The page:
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As am I | 118 comments | Create New Account
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I'm going to go with albert on this one
Authored by: Wol on Sunday, July 07 2013 @ 03:47 PM EDT
Google's argument is, simply put, that any expression that can't be worked round
is not copyrightable.

So, for example, the text that *defines* the RangeCheck function is not
copyrightable.

How you actually implement it is copyrightable. But given the restricted options
available, and the conventions that govern it, there is a good chance that even
an identical copy is not a copyright violation, but an independent
re-imnplementation.

Given that, copyright protection HAS to be weak, otherwise we would get back to
the copyrighting of ideas, which is not (under US law) legal.

Cheers,
Wol

[ Reply to This | Parent | # ]

Sorry to be obstinate.
Authored by: Ian Al on Monday, July 08 2013 @ 03:52 AM EDT
The dictionary definition of 'expression':
3: the communication (in speech or writing) of your beliefs or opinions; "expressions of good will"; "he helped me find verbal expression for my ideas"; "the idea was immediate but the verbalism took hours"
As an example, I might express my beliefs in a fixed medium by writing the text of the King James' bible in a notebook. I cannot protect that expression fixed in a medium by using copyright law. The law says that I can only copyright my original authorship.

In the same way, if I write text in my own words, it is not the written expression of meaning, idea, procedure, process, system, method of operation, concept, principle, or discovery, regardless of the form in which it is described, explained, illustrated, or embodied in such work, that can be protected by copyright. Only those parts that constitute original works of authorship can be protected.

The law is explicit on those written expressions fixed in a medium which cannot be protected by copyright.

17 USC 102 - Subject matter of copyright:
(b) In no case does copyright protection for an original work of authorship extend to any idea, procedure, process, system, method of operation, concept, principle, or discovery, regardless of the form in which it is described, explained, illustrated, or embodied in such work.
So expression which only addresses those things cannot be protected by copyright. The expression must be an original work of authorship when all of those exclusions are filtered out of consideration. Please note that the quoted law does not deal with the copying of ideas. It is only to do with protection from copying of written expression fixed in a medium. That is the idea-expression dichotomy that they address.

The courts see no bright line and say that each case and each part of the expression must be considered in its own right.

"The search parameters are 'It was the best of times, it was the worst of times, it was the age of wisdom, it was the age of foolishness, it was the epoch of belief, it was the epoch of incredulity, it was a period in history'".
Just because the text is my original expression fixed in a medium, that does not automatically give me copyright protection. Is it an infringement of copyright? The original authorship must be considered by the court in its own right after the exclusions have been removed from consideration.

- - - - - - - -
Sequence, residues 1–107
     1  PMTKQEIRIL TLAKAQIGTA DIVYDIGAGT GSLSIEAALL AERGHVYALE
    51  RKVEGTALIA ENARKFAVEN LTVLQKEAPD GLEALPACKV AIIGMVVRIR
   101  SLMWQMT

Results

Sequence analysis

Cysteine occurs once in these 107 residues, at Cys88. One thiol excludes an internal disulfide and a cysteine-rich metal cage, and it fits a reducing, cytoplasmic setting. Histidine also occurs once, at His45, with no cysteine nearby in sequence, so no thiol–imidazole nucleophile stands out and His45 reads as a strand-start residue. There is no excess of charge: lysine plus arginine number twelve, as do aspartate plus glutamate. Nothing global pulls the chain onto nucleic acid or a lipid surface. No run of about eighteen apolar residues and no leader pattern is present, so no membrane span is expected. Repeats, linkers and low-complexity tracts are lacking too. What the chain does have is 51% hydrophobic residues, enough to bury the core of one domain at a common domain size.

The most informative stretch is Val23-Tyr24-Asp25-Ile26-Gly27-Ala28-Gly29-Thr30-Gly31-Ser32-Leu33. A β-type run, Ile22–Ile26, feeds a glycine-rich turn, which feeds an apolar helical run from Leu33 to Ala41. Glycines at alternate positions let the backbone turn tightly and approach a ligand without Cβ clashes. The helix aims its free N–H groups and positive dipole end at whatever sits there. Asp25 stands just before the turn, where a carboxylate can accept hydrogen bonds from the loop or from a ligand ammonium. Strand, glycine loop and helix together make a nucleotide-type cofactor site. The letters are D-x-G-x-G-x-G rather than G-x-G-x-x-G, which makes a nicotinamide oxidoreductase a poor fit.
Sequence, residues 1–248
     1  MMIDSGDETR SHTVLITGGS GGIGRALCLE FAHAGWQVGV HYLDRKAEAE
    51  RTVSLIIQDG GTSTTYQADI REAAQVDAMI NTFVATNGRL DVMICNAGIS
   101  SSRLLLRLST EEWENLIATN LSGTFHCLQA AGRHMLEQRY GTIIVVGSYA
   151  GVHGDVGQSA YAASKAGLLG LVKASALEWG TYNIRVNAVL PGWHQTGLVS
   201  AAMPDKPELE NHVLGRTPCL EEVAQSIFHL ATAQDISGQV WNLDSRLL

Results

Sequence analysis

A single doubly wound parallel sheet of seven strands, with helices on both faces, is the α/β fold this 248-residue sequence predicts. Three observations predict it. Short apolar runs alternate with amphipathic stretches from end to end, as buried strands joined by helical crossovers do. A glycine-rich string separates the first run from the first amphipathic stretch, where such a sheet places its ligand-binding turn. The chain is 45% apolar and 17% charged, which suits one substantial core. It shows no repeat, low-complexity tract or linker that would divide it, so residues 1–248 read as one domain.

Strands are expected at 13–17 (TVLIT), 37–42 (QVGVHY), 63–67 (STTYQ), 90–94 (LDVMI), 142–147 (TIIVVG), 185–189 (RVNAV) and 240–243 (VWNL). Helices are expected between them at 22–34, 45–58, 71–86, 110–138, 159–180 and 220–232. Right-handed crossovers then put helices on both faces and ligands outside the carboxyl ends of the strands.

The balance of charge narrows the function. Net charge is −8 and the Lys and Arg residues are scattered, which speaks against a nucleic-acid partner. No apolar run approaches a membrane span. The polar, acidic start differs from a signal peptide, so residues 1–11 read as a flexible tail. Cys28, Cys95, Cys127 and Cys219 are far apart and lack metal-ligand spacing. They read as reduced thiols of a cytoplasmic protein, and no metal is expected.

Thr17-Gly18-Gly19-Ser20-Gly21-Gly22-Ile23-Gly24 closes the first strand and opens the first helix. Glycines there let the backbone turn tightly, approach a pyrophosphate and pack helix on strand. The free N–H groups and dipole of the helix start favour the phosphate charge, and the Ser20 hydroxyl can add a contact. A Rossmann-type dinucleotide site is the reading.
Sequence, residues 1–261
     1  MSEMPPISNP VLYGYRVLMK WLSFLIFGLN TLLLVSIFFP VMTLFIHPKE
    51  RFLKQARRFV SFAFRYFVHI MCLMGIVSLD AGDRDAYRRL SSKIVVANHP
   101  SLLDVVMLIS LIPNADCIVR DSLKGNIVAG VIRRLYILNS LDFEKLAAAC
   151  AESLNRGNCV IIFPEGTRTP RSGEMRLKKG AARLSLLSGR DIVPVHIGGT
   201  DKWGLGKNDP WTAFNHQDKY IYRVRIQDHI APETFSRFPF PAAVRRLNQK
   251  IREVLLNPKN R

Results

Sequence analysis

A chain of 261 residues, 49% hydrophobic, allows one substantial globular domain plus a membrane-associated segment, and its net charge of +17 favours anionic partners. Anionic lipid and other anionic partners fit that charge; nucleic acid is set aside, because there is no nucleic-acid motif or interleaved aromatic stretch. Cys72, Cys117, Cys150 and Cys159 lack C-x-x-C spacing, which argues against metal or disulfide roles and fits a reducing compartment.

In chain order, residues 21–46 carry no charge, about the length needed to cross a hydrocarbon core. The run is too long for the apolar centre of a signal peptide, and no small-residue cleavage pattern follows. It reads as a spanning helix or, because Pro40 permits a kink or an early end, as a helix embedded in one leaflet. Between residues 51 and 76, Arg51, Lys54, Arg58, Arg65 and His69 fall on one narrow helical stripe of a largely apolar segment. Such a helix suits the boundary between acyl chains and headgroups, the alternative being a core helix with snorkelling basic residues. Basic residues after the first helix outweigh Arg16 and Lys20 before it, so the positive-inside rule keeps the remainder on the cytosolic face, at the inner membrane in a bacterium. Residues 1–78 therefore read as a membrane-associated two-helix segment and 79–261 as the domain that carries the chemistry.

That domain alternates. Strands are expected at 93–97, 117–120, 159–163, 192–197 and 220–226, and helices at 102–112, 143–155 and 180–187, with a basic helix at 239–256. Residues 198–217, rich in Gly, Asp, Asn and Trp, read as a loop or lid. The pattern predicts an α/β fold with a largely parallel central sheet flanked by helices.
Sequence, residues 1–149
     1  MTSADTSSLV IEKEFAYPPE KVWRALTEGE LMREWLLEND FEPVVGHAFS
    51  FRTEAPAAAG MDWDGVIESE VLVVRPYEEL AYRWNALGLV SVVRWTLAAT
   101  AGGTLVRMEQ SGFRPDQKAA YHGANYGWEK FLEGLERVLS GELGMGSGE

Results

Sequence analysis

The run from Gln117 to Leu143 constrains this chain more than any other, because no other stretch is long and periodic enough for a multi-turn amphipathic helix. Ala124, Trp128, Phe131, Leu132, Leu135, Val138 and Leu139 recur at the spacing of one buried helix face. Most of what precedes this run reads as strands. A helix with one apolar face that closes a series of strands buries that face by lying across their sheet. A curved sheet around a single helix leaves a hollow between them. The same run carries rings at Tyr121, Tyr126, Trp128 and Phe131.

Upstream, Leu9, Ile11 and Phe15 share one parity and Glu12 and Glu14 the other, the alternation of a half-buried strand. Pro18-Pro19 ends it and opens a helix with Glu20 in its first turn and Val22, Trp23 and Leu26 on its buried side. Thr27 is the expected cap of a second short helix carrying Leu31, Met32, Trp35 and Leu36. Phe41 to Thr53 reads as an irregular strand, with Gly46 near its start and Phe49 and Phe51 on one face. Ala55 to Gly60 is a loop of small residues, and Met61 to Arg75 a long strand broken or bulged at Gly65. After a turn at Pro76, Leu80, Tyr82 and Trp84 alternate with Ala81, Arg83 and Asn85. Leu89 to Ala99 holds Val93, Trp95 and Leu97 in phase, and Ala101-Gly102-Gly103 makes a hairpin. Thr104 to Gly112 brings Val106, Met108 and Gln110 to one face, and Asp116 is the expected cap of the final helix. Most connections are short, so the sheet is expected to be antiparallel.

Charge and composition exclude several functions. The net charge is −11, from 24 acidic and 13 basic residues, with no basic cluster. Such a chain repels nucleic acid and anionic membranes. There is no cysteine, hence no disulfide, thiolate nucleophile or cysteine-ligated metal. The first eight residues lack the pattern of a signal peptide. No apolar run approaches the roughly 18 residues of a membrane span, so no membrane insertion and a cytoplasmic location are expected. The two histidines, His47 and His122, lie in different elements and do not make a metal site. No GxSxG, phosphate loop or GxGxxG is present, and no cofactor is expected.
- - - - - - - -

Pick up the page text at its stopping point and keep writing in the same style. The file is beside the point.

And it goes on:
For instance, 'The search parameters are' does not surmount the hurdle of 'original authorship' and is more an expression of process. Similarly, 'it was a period in history' is purely factual and has no original authorship of mine. As for the rest, only heaven and the courts know. As dio gratia quoted from Baker v. Selden:
Congress presumably intended to relate the idea-expression dichotomy to the nature of a work, and not simply to the test of substantial similarity.

---
Regards
Ian Al
Software Patents: It's the disclosed functions in the patent, stupid!

[ Reply to This | Parent | # ]

As am I
Authored by: cjk fossman on Monday, July 08 2013 @ 06:57 PM EDT
In the early 1990s I set about to render the impenetrable and
inhuman jargon of ISO 9001 into plain US English.

The then-current version of ISO 9001 bristled with phrases such
as "the organization shall establish and maintain documented
procedures for <yada yada and blah>.

Cowed by the draconian language of ISO's copyright claims, I did
some research into this idea vs. expression question.

I concluded that it would be unwise to copy the "establish and
maintain" statements and then parse them into plain US English.
It would have been fair use, I think, but since fair use is such
a gray area I chose to eschew this approach.

I also concluded that it would be okay for me to write things
like, "ISO 9001 says your company must have a written procedure
for <yada ...>. It also says you must keep the procedure
current."

By doing so I would express the _idea_ of the requirement
without plagiarizing the expression of it.

I decided I could go even further by writing things like this:

ISO 9001 says your company has to have written procedures for:
- yada
- yada yada
- blah

I'm sure my efforts never came to the attention of ISO.
However, a cottage industry sprang up to write and publish books
to achieve what my writing set out to do. Certainly ISO knew of
some of these, and I doubt they sued anyone over it.

I do not think such a suit would be successful.

[ Reply to This | Parent | # ]

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